Parents took a fight against masks in schools to the Kansas Supreme Court, and an entire law is at stake
The suit started with a fight over masks orders in some Johnson County schools, but a controversial law limiting government COVID-19 response is hanging in the balance.
TOPEKA, Kansas — Parents took a fight over school masks in the Shawnee Mission School District to the Kansas Supreme Court Tuesday, and a controversial law limiting state and local pandemic responses is hanging in the balance.
Oral arguments over the constitutionality of Senate Bill 40 focused on due process, the timeliness of the challenge and whether a district court ruling calling the law unconstitutional should be overturned.
At the heart of the lawsuit is a bill fueled by Republican dissatisfaction with Democratic Gov. Laura Kelly’s response to the COVID-19 pandemic. The GOP had been pushing back against Kelly’s actions, like closing businesses early in the pandemic and ordering masks.
Earlier this year, legislators approved SB 40, a bill that limited actions taken by the governor, school boards and local health officials. It created systems for speedy legal challenges to health orders and gave state lawmakers more oversight.
It ultimately made it so easy for people to challenge health orders, and put such tight restrictions on the court response, that a district court judge calling the law unconstitutional said it created “legal anarchy.”
The Johnson County District Court sided with Shawnee Mission and further ruled that SB 40 was unconstitutional, bringing the lawsuit to the Kansas Supreme Court.
“The district court should be reversed,” Solicitor General Brant Laue said. “The court erred.”
Laue, arguing for Attorney General Derrick Schmidt who intervened to defend the constitutionality of SB 40, said Tuesday morning that the district court shouldn’t have ruled on the bill. Schmidt said the case was moot because Johnson County District Court Judge David Hauber’s ruling on the bill came one month after the state’s emergency declaration ended.
Because SB 40 amended the state’s emergency management act, Hauber said it could affect future emergencies and ruled on it even though the emergency had expired.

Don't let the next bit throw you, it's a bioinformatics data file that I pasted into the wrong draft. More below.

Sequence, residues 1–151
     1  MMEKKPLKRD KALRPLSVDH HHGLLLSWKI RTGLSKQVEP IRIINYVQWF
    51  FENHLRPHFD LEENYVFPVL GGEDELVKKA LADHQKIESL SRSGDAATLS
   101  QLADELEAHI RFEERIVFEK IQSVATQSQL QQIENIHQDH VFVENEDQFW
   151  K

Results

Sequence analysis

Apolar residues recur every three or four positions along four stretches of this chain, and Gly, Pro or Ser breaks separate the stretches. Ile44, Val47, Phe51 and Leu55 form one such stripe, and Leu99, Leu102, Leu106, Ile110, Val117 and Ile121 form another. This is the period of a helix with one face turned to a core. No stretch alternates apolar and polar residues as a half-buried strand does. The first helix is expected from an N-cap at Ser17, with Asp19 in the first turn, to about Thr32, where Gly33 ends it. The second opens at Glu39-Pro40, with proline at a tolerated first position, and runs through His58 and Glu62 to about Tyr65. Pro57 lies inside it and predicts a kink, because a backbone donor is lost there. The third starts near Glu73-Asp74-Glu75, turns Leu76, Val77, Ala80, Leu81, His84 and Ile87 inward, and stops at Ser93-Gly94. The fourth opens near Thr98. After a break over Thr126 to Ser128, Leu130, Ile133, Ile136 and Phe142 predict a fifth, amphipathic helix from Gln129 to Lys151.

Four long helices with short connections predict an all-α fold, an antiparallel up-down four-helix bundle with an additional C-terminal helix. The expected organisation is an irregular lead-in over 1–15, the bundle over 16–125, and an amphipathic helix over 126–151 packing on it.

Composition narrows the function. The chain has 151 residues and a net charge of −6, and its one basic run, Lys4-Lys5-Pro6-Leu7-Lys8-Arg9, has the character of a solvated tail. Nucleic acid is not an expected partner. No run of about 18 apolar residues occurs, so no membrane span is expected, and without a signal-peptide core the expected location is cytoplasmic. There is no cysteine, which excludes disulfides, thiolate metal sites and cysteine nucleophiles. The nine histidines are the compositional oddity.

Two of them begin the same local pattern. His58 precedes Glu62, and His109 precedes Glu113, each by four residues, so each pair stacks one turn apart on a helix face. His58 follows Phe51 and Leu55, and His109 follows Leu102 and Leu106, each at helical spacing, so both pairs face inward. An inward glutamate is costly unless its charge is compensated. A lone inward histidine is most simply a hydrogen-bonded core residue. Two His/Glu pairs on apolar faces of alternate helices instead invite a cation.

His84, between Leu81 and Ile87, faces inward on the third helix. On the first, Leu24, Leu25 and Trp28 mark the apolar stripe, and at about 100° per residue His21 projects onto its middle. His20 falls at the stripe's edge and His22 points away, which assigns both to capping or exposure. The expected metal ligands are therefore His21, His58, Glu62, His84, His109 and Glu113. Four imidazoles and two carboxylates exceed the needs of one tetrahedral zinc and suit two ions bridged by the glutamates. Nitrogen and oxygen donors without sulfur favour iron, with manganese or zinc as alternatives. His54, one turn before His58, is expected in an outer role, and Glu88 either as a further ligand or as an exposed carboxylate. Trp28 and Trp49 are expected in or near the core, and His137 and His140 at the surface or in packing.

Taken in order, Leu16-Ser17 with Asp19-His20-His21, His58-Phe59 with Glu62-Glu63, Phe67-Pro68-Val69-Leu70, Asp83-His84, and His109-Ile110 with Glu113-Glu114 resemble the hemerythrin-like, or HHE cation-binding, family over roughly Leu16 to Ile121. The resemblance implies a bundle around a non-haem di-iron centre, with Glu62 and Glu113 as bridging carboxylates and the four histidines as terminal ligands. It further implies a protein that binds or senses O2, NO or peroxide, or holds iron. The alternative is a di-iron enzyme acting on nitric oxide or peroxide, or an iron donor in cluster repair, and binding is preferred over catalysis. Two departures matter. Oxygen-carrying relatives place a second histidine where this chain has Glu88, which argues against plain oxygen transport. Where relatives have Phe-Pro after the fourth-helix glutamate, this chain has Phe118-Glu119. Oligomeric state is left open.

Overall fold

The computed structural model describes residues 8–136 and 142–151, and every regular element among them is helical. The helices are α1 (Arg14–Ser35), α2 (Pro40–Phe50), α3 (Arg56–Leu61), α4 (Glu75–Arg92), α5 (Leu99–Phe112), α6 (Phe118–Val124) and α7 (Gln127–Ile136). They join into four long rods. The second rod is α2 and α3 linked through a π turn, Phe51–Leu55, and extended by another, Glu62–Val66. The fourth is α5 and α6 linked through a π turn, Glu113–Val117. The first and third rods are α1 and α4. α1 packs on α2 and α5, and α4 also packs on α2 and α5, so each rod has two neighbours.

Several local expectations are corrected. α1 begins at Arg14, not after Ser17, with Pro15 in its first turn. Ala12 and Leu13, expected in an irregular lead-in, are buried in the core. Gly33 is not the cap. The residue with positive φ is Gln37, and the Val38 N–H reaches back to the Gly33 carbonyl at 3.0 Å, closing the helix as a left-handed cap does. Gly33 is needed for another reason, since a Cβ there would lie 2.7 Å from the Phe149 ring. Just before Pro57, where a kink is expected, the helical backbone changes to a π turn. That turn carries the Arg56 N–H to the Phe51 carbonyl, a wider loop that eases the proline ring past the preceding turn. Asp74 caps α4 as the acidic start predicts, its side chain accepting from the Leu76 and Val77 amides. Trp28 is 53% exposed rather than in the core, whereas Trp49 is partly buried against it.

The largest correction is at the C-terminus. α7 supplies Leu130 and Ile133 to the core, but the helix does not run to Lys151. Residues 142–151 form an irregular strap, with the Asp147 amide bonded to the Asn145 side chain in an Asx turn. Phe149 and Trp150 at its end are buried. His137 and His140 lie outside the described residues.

The bill also created a system for people to challenge health orders aimed at curbing the spread of COVID. People who were “aggrieved” could file suit against local governments or school boards when they took actions like requiring masks. Courts were on a speedy 10-day timeline to review and rule on the complaints. Judges were given strict guidelines for approving or knocking down health orders.
Those tight deadlines concerned the Shawnee Mission school district, said Greg Goheen, who was representing the school district. He questioned whether that quick process could ever give schools a fair and impartial day in court.
Justice Eric Rosen said the deadlines laid out in SB 40 could interfere with courts’ ability to try other cases if judges have to abruptly take up challenges to local health orders.
“Am I to drop everything?” he asked. “I don't understand that. I don’t see how the Legislature can tell a court to do that.”
The Johnson County judge said SB 40 was unconstitutional in part because it deprives government units of the right to due process. Laue, however, argued the district court judge raised that issue on his own and had no right to make that ruling.
“The courts are arbitrators of legal questions raised by parties, not by themselves,” Laue said.
Justice Dan Biles also said the entire legal case could be questionable because it was filed too late.
The bill requires any complaints of mandates to be filed 30 days after it goes into effect. The complaints against the Shawnee Mission School District were filed months after implementation, and for that reason, Biles said the bill never applied to the policy that was complained about.
Laue said he understands there are some issues with the timing, but told justices the parents received an email from the district about the mask policy in May and filed their complaint after that.
“I understand what happened but it doesn’t matter,” Biles said.
The Kansas Supreme Court will now consider the issue before handing down a ruling.
Abigail Censky contributed to this report.
Blaise Mesa reports on criminal justice and social services for the Kansas News Service in Topeka. You can follow him on Twitter @Blaise_Mesa or email him at email@example.com.
Stephen Koranda is the news editor for the Kansas News Service. You can follow him on Twitter @Stephen_Koranda or email him at stephenkoranda (at) kcur (dot) org.
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